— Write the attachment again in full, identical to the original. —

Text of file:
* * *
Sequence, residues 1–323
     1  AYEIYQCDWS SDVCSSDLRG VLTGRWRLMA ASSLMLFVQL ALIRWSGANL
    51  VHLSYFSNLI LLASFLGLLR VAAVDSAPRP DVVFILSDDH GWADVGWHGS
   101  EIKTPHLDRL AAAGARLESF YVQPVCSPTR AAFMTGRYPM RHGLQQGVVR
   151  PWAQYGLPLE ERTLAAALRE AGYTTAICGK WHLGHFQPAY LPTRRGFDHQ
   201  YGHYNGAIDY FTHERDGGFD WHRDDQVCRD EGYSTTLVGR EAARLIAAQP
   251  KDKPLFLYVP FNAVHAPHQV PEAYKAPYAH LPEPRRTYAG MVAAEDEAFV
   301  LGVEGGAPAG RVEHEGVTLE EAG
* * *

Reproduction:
Sequence, residues 1–323
     1  AYEIYQCDWS SDVCSSDLRG VLTGRWRLMA ASSLMLFVQL ALIRWSGANL
    51  VHLSYFSNLI LLASFLGLLR VAAVDSAPRP DVVFILSDDH GWADVGWHGS
   101  EIKTPHLDRL AAAGARLESF YVQPVCSPTR AAFMTGRYPM RHGLQQGVVR
   151  PWAQYGLPLE ERTLAAALRE AGYTTAICGK WHLGHFQPAY LPTRRGFDHQ
   201  YGHYNGAIDY FTHERDGGFD WHRDDQVCRD EGYSTTLVGR EAARLIAAQP
   251  KDKPLFLYVP FNAVHAPHQV PEAYKAPYAH LPEPRRTYAG MVAAEDEAFV
   301  LGVEGGAPAG RVEHEGVTLE EAG